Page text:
Your Fundamental 30-Minute Open-Water Swimming Workout


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Video taken from the channel: MySwimPro


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A Day in the Life of Alex Meyer, USA Open Water Swimming National Champion & 2012 Olympian

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How To Plan A Swim Workout | Structure Your Next Swimming Session

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Your Basic 30-Minute Open-Water Swimming Workout. World Oceans Day is June 8, which means it’s the perfect time to jump into an ocean or lake for an open-water swim. Don’t worry if you haven’t done one before. Everyone starts somewhere — and you can start open-water swimming with just a few things.

First, open-water swimming is a buddy sport, so grab a friend or four. 30-minute open-water workout Dry land warm-up: Arm circles and shoulder shrugs on shore. Swim warm-up: 8 minutes of 1-minute out-and-back intervals from the shore at RPE of 4.

The 30-minute water workout. 1. Swim 2-3 laps (one lap equals two lengths of the pool) in your stroke of choice resting 10-15 second in between each lap. 2. Kick at the wall or holding onto a kickboard for 2 minutes, alternating 15 seconds of hard kicking with 15 seconds recovery. Don’t worry if you can’t swim much yet. Beginners can still do a good pool workout that provides a lot of health benefits.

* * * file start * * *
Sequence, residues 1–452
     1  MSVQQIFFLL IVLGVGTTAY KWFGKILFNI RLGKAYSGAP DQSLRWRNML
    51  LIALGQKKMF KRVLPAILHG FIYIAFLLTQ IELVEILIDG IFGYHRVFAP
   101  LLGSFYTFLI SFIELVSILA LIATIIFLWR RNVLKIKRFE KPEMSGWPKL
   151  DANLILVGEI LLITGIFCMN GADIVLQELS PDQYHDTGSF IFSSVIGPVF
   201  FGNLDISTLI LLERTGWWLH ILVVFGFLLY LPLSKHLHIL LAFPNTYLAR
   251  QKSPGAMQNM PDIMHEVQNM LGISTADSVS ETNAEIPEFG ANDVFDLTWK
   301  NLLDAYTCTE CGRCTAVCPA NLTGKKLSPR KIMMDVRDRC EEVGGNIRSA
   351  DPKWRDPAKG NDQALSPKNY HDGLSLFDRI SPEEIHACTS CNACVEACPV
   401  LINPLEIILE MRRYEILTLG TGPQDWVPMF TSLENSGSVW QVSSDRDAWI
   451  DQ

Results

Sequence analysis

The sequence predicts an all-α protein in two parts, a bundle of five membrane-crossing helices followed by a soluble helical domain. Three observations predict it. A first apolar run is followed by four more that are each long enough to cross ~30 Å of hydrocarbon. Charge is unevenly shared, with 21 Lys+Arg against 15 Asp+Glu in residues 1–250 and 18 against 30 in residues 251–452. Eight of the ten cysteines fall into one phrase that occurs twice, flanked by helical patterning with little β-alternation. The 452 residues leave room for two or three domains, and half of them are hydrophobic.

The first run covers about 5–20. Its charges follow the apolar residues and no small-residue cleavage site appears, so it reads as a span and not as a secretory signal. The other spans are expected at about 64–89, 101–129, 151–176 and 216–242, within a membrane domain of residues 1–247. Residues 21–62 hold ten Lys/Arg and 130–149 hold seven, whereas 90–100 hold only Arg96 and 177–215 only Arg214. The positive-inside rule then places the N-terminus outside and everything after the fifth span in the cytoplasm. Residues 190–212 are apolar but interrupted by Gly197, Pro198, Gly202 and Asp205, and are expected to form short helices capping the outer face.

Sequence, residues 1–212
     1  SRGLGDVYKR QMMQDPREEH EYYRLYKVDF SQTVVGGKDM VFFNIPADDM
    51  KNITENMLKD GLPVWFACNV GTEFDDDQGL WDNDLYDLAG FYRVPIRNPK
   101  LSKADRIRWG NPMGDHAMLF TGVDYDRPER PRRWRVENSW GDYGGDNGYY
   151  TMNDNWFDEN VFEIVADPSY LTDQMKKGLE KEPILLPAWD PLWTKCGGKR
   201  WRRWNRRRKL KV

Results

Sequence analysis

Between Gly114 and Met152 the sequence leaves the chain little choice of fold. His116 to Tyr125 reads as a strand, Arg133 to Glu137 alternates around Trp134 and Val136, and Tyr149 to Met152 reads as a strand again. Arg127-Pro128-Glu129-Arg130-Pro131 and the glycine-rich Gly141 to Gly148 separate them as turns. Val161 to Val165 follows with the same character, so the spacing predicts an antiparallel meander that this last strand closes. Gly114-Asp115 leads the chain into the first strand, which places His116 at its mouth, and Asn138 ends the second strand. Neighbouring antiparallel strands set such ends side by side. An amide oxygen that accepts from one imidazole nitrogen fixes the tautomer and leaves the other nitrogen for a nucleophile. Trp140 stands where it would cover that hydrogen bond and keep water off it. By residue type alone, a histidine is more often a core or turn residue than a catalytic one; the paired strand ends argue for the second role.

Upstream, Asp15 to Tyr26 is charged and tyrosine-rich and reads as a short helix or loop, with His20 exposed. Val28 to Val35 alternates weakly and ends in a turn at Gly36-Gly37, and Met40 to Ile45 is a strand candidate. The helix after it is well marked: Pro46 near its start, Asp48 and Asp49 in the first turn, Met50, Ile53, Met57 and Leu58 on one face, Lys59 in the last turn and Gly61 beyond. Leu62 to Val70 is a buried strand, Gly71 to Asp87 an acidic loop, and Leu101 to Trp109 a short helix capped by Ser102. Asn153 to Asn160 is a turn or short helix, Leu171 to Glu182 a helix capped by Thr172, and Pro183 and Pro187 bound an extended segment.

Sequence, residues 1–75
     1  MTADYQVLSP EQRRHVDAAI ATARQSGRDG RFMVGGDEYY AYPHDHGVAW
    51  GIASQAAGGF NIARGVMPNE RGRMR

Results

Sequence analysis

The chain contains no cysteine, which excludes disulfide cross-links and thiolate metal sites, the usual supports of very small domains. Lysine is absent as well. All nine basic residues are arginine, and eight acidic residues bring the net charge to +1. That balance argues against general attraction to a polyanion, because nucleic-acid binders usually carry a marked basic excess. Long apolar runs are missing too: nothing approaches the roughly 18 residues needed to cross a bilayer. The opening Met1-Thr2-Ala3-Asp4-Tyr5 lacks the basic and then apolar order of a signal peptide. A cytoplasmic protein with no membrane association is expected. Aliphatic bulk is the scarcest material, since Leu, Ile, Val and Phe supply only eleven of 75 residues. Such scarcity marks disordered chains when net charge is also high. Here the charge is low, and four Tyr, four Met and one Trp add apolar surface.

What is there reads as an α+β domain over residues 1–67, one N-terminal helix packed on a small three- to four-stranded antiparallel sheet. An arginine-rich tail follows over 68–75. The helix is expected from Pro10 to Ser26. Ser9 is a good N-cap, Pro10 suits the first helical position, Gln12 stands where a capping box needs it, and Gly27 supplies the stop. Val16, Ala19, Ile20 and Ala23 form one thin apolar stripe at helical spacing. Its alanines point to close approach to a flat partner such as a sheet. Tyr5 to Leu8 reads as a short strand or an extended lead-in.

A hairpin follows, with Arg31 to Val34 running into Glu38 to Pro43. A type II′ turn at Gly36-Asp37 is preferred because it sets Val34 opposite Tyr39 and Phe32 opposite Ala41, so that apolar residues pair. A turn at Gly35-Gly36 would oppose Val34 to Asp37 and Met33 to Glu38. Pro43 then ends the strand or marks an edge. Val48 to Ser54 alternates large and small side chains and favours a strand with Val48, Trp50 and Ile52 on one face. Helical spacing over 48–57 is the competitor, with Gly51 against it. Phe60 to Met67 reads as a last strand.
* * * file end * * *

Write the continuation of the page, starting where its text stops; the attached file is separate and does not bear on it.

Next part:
You can build endurance and lose weight while giving your body the best workout it’s ever had in as little as 30 minutes a day. Make the most of your short time frame with one of these workouts. Maybe you had a long day at the office or a shortened lunch break, but there is still enough time to get to the pool for a quick 30-minute session! Don’t scoff at the abbreviated time—you can accomplish at lot in the water: Focus on drills and technique, get in a long aerobic swim or just maintain your “feel” for the wate. Keeping your legs straight, lift your legs off the water to form a “V” with your body.

Point the toes and keep your legs together at all times. Lower your legs to the starting position. Three 30-minute swimming workouts for beginners Swimming is a great workout with a number of key health benefits. Not only does it work your heart, build strength and tone your body, it is a relatively low impact form of exercise, placing less stress on your joints than. Best 30-minute swimming workouts to help you get fitter, stronger and leaner.

A session in the pool is a sure-fire way to shape up and get fit. Swimming boosts your metabolism, works almost every muscle in your body and is a great way to support your weight loss goals – an easy 30-minute swim can help to trim your waist and hips and can burn around 300 calories. BEGINNER 30-MINUTE DISTANCE WORKOUT If you’re not used to swimming long distances, but you feel strong in the water, this workout is for you. Martinez offers easy freestyle and kicking intervals to.